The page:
So you’ve spent a few thousand dollars engaging an attorney to develop and implement a revocable trust-based estate plan. However, you and your attorney forgot to fund the trust. Upon your death and because you forgot to fund your trust, does your estate have to be probated in order to transfer the property from your estate into your trust via your pour-over will? The answer to this questions may be, no, but it could also be yes.
In this all too common scenario, the answer to this question turns on the language of the trust. If your trust has a written declaration indicating your intent to include specifically named property into the trust, even if the property does not make it into the trust during your lifetime, then your estate may not need to be probated. This is because you may be able to rely on a Heggstad Petition.
The California Court, in a well-known 1993 case, held that a written declaration of trust by the owner of real property indicating an intent to include the property in the trust was sufficient to fund the property into the trust even if that property was not actually funded into the trust during the lifetime of the trust creator. Meaning, an unfunded trust was still valid and property could be moved from the deceased person’s estate into the trust without the need for probate of the estate; but if and only if, the trust declaration indicates that such property was specifically intended to go in the trust (despite the fact that it never made it into the trust).
Heggstad Petitions are complex and, as such, it is not recommended that a trustee or other person try a Heggstad Petition without the assistance of a California attorney. There are specific elements which must be established in order to convince a Court that the Heggstad concept applies and the burden of proof of persuasion is on the petitioner of a Heggstad Petition.
So a Heggstad Petition is a good solution to fix problems when the trust creator dies leaving the trust unfunded, but there are problems with relying on a Heggstad Petition alone. Why? Well when it comes to properly transferring property upon your death, such a declaration which is relied upon by the Courts may not be acceptable or recognized by title companies or transfer agents unless a Court order confirming the transfer is obtained. Heggstad Petitions are not cheap because there are attorneys’ fees, court costs, and filing fees, etc. associated with such petitions. Heggstad Petitions must be filed with the Probate Court of the County having jurisdiction to hear the case. The procedural rules in Probate Court are different and sometimes unusual and complex. The slightest mistake on a Heggstad Petition can be embarrassing and cause delay. Even if there is no delay in filing this type of petition, such petitions take time and ultimately delays trust administration and estate administration which may require additional work and notice to creditors and beneficiaries. If you really think about all of this taken together, although a Heggstad Petition can fix the problem of unfunded trusts, relying on a Heggstad Petition defeats the purpose of developing and implementing a revocable trust-based estate plan. The main purpose of developing and implementing a revocable trust-based estate plan is so that upon your death, your property will efficiently transfer to your beneficiaries without the expense and delay of needing to obtain approval from the Courts.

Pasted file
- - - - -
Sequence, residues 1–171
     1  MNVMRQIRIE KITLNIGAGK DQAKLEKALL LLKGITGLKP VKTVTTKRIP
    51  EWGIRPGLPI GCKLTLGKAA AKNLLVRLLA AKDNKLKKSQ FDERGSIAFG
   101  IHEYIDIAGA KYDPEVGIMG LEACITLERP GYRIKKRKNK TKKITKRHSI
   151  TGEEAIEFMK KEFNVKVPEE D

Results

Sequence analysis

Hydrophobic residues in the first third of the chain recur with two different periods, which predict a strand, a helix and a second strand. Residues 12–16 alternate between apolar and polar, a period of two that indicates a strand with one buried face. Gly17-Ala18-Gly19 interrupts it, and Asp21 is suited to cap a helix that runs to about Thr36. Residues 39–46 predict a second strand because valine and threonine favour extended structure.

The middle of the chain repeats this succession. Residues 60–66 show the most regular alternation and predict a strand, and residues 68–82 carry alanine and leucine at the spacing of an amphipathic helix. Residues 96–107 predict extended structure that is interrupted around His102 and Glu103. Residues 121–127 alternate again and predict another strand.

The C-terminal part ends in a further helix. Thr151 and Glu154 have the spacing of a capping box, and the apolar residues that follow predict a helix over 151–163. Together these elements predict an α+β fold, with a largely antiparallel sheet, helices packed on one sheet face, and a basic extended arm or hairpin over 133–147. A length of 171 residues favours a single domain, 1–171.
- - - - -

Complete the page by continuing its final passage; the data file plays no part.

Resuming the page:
What do we take-away from the above downsides of a Heggstad Petition? In order to properly develop and implement a revocable trust-based estate plan, make sure you (or your attorney) funds your trust! Also, during your life when you acquire additional property after you have created your trust, make sure that after-acquired property makes it into the trust. This type of maintenance of your estate plan will save your family, your beneficiaries, and the trustee quite a bit of headache and expense in the long run.
Anyone facing the above issues should contact the Chilina Law Firm or another California attorney who focuses on estate planning, trust administration, or probate for a review of their estate plan and trust funding to avoid further issues.
Authored by Greg Chilina and Co-Authored by Karen Chilina
Chilina Law Firm, a Professional Corporation, is a full-service estate planning, probate, trust administration, business law, and real property law firm that provides a wide-range of advising, transactional, and litigation services to its clients from its office located in Atascadero, California. The firm’s attorneys represent individuals and business entities in an assortment of transactional and litigation matters involving estate planning (including trusts, wills, powers of attorney, and medical directives), probate, trust administration, as well as general business law, contracts, corporate governance, land use, and real property. Chilina Law can be contacted by telephone at (805) 538-5038 or by email at firstname.lastname@example.org or visit the Chilina Law Firm at www.chilinalaw.com. Chilina Law Firm is based in Atascadero, California and serves North San Luis Obispo County communities, including Santa Margarita, Atascadero, Templeton, Paso Robles, and San Miguel.
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